Alejandro Gómez Guillén conducts Illinois Symphony at Second Presbyterian, filling in for director finalist Naomi Woo
Illinois Symphony plays its first chamber concert of the season this weekend with a trio of works highlighting the orchestra’s string section at Second Presbyterian Church in Bloomington.
Music director candidate Naomi Woo was scheduled to lead the orchestra Saturday. Due to a sudden family emergency, Woo is unable to attend and guest conductor Alejandro Gómez Guillén has stepped in with about a week’s notice, leading the ISO in works by Mozart, Beethoven and Caroline Shaw under the umbrella title, “Sizzling Strings.”
“It’s the kind of repertoire you’ll never feel ready on,” Guillén said. “You just feel as ready as you can be, and then take that moment of present music making with great musicians and react to what’s actually happening in front of you. That’s, I think, what I love most of what I do as a conductor.”
Guillén is an alternate in the orchestra’s search for a new conductor. He is presently assistant conductor of the Omaha Symphony and led the Bloomington Symphony Orchestra in Bloomington, Indiana, for seven seasons. Woo remains a candidate for ISO’s top job. She will visit in May, leading the orchestra in the final program of the season. Should any candidate drop out of the search process, Guillén would become eligible for the job.
ISO concertmaster Roy Meyer swaps in the principal violin’s chair to appear as Saturday’s soloist playing Mozart’s “Violin Concerto No. 4.” By age 19, Mozart had published five violin concertos and never wrote another. Meyer said the third, fourth and fifth are particularly important pieces in the violin repertoire.
“Most orchestras require you to audition with a Mozart violin concerto,” he said.
The fourth has been Meyer’s audition piece for at least 15 years.
“It’s really an honor to get to play it,” he said.
Also a violinist, Guillén said the second movement in particular contains some of Mozart’s most beautiful melodies.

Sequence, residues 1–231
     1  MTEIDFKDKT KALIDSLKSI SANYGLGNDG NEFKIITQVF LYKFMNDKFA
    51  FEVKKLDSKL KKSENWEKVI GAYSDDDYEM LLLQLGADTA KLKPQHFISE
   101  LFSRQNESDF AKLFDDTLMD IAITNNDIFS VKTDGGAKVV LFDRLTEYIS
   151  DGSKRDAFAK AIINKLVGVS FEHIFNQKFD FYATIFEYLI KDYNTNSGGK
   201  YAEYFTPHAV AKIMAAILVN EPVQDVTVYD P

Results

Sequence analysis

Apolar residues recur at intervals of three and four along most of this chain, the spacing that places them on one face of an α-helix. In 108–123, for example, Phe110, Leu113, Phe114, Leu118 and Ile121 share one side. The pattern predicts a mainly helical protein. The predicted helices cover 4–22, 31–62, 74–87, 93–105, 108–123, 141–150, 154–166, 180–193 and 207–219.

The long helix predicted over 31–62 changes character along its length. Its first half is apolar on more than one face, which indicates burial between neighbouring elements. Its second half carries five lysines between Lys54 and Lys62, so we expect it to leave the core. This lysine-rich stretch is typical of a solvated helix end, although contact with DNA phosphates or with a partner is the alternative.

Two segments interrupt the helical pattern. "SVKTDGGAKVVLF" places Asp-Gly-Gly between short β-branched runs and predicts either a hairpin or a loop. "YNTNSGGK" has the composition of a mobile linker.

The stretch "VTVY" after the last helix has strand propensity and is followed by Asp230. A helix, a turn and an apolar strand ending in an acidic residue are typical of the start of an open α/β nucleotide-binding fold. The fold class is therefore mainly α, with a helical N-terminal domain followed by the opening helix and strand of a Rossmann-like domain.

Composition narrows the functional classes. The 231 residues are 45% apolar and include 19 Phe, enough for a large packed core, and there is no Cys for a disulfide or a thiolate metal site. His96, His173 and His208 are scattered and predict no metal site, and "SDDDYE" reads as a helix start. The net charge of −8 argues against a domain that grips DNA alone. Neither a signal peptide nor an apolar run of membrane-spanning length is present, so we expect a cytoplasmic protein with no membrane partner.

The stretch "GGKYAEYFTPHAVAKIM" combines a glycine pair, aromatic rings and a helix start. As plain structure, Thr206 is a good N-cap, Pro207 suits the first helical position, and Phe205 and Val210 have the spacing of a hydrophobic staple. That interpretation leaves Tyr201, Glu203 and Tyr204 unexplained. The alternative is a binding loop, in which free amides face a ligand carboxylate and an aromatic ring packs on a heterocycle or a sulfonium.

“The violin is playing this gorgeous melody that traverses different strings while the rest of the orchestra is doing this very subtle accompaniment,” he said, making a chef’s kiss. “It’s just as good as it gets.”
Two shorter works bookmark the Mozart: Beethoven’s uncommonly rich “Gross Fuge,” and “Entr’acte,” by Pulitzer Prize-winning living American composer Caroline Shaw. The concert, curated by Woo, is presented without an intermission and brief pauses.
“I think [Woo] did a wonderful job choosing these three pieces,” Guillén said. “While Beethoven was writing music this day was ahead of its time, it defies categorization. It’s timeless.”
Similarly, Shaw’s “Entr’acte,” composed in 2011 for string quartet, is ambiguous about time period and aesthetic. Shaw references Hadyn, oscillating between antiqued classical progressions before disassociating into a sonic playground of dissonant chords, scratches and pizzicato.
“The pitting of all these pieces against each other works very well,” Guillén said. “It gives us different glimpses into both the lives of each composer and what was happening at the time of each composition.”
“Sizzling Strings” takes place at 7:30 p.m. Saturday, Dec. 2, at Second Presbyterian Church, 404 N. Prairie St., Bloomington. Tickets are $29 at ilsymphony.org.